Well, it doesn’t look like I’m coming off Zyprexa anytime soon. That wasn’t the focus of today’s appointment with Dr. A; in fact, we didn’t even really discuss it—I just asked and he said he was leaving things the way they are. I was sure he’d want to take me off the Z soon, or at least taper it down over a couple of weeks. But while this announcement surprised me, it’s almost a relief to know I’ll be on the med for awhile longer, for manic season is coming and Lord knows the late winter and early spring haven’t exactly been a picnic.
I’ve got to give the guy a lot of credit for showing up this morning. He’s got the upper-respiratory crud I had in February, and canceled all his appointments for yesterday and all but the morning ones for today. (He said he came in today because he knew I was on the books and he always looks forward to our sessions. LOL.) He looked so miserable that I didn’t even tease him about the newly sprouted facial hair around his jawline, although I was able to make him spit coffee across the room when I told him I was in Deep Shit, Arkansas.
Mostly, we talked about my job and the effects it’s having on my illness and general sense of well-being. For some reason he has a LOT more confidence in my abilities than I do—and he thinks I’m not doing well because I don’t like what I’m doing. Which is weird, because to me it feels like it’s the other way around, but considering the fact that he’s not the first or only person to propose that idea, I have to give it some credence. I do tend to self-sabotage (ooh, now there’s a shocker) and overthink things (really??), but I’ve been so nervous about my poor performance and the possibility of being let go that it’s turning into a self-fulfilling prophecy.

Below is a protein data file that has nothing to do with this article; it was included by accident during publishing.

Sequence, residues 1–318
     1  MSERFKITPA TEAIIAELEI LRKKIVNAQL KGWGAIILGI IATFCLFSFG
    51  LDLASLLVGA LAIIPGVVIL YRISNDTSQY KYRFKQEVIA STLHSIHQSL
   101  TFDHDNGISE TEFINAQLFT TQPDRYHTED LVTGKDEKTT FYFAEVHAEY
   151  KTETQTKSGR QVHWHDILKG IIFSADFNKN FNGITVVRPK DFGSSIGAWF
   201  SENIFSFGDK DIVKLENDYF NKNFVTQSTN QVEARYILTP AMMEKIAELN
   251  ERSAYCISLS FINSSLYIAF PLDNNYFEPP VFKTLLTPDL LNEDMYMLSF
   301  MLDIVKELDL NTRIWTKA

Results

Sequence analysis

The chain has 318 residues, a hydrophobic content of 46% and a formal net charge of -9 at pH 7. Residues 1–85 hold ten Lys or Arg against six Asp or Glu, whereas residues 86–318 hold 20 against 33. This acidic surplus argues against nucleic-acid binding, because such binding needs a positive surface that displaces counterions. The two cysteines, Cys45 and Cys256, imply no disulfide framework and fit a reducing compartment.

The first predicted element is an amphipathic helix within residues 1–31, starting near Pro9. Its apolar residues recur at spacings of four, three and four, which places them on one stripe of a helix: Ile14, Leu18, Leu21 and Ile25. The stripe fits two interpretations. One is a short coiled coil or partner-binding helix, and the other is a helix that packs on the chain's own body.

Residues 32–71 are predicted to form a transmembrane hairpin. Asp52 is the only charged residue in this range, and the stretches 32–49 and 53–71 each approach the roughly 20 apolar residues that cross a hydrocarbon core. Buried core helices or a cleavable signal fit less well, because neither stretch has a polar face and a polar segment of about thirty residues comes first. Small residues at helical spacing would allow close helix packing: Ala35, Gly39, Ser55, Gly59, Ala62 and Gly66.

“Get rid of it,” he said of the anxiety. “Do the best you can, and maybe it’ll be good enough and maybe it won’t. What’s the worst thing that can happen? You lose the job and go on unemployment and get a chance to find out what your passion really is. It’s not that you can’t focus on learning the information you need to do your work—after all, you’re able to concentrate well enough most of the time to write your blog and your articles—but you’ve found out this is not what you want and you’ve put up barriers to learning it.”
As much as I hate to admit it, he has a point there. Unless I’m in the middle of a manic episode, I can consistently produce decent writing, and even then I can usually put a post together, though it takes several hours of on-and-off work and comes out pretty tangential in the end. But that’s because writing IS my passion, and believe me, if I had the cojones to find a way to earn a steady paycheck for doing it, I’d have done it years ago.
In the meantime, I’m going to try to do as Dr. A suggested and push away the anxiety, give my VERY best, and let the chips fall where they may. What do I have to lose? Odd how I never thought of things that way…..but then, that’s what I (and the insurance company) pay him for.
I’m also going to try going six weeks between appointments. Two months is apparently still too long—I always seem to run into some sort of trouble when I schedule too far out—and monthly appointments aren’t really necessary anymore, since even my crises are less severe than they used to be, and we can always deal with them over the phone. Who knows, maybe if I stay on Zyprexa long enough I’ll get into a lasting remission and be able to go three months between appointments….wouldn’t that be grand?